Perhaps one of the scariest, and most brilliant, stories ever told. In it we are introduced to a rich man who has everything this world can possibly give him. And then to a poor man who has nothing but pain and suffering. Such is the way of the world—but this world is not all that there is. And in the next life, their fortunes are turned. The poor man is at peace with God, while the rich man was in hell “in torment.” The rich man begs Abraham to intercede for him, but there is no way to cross from hell to heaven once the curtain of death has fallen. Then the rich man begs Abraham to send the poor man to warn his family of their danger. Abraham says that they have the prophets, the Bible, already. But the rich man says that they will not listen to them, but if a man came back from death, then they would listen. And Abraham replies that even if a man was raised from the dead, they would not listen.
There are three particularly extraordinary elements to this extraordinary story.
First, the rich man has no name. The poor man is called Lazarus. But the rich man, for all his wealth and success in this world, is nameless. We long for fame. We long for celebrity. We want out name “in lights.” We want “everyone to know our name.” But the reality is that in the perspective of eternity, those who do not follow Jesus are nameless. The lack of giving the rich man a name, even just a name, indicates the value shift that comes when we look at life through the lens of eternity.
Second, Abraham is the one who is asked to intervene. The rich man is genetically from Abraham’s lineage. He is, perhaps, religious, or at least knew enough to know who Abraham was, and to know to whom he was referring when he talked of Moses and the prophets. Genetic descent, intellectual familiarity with religion, is not enough to keep someone from condemnation and ruin.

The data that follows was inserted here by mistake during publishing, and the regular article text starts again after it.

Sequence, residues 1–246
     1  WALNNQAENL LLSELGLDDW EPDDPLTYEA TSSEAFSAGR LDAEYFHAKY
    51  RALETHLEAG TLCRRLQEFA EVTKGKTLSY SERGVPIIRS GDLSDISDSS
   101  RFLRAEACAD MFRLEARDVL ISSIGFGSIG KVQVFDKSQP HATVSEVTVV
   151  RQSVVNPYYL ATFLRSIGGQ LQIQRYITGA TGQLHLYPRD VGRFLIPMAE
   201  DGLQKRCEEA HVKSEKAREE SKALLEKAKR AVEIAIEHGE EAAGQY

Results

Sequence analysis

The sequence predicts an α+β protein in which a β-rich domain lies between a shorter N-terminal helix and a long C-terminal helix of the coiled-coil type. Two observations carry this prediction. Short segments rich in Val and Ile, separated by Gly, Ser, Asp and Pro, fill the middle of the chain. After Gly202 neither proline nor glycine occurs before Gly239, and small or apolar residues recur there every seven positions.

Third, the final sting in the tail. “If they do not hear Moses and the Prophets, neither will they be convinced if someone should rise from the dead” (16:31). In other words, if someone would not listen to what the Bible was saying about Jesus, they would not listen to Jesus even if he rose again from the dead. Our willingness to believe is not based upon the quantity of the evidence, even a miracle, but the heart desire to believe in Jesus. If someone won’t listen to the Bible, they wouldn’t listen if someone rose from the dead. And this was fulfilled as many of those listening to this story at the time did not repent when Jesus did rise from the dead.
There are two takeaways from this story:
#1 Heaven and hell are real. Therefore, live our lives for eternity, and not merely for time and this world. Invest in people by investing in them the gospel and thereby invest in eternity.
#2 Riches are not enough to save us. People give all they can to have more money; and yet in the light of eternity how foolish that lifestyle will seem. Use these resources here to invest in eternity.
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